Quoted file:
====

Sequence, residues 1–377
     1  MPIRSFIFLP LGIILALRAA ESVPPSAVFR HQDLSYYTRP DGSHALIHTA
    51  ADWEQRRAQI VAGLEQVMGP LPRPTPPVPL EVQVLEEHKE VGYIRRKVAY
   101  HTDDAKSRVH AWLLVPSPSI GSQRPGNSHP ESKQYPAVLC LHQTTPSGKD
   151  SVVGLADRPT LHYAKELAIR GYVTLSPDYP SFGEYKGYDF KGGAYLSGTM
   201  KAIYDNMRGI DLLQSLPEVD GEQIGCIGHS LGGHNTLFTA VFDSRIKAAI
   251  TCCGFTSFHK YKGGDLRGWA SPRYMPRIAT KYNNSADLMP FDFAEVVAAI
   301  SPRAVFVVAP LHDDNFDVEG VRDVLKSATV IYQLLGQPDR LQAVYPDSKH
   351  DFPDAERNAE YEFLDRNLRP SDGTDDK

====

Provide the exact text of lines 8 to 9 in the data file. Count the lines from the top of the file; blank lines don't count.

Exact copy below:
   301  SPRAVFVVAP LHDDNFDVEG VRDVLKSATV IYQLLGQPDR LQAVYPDSKH
   351  DFPDAERNAE YEFLDRNLRP SDGTDDK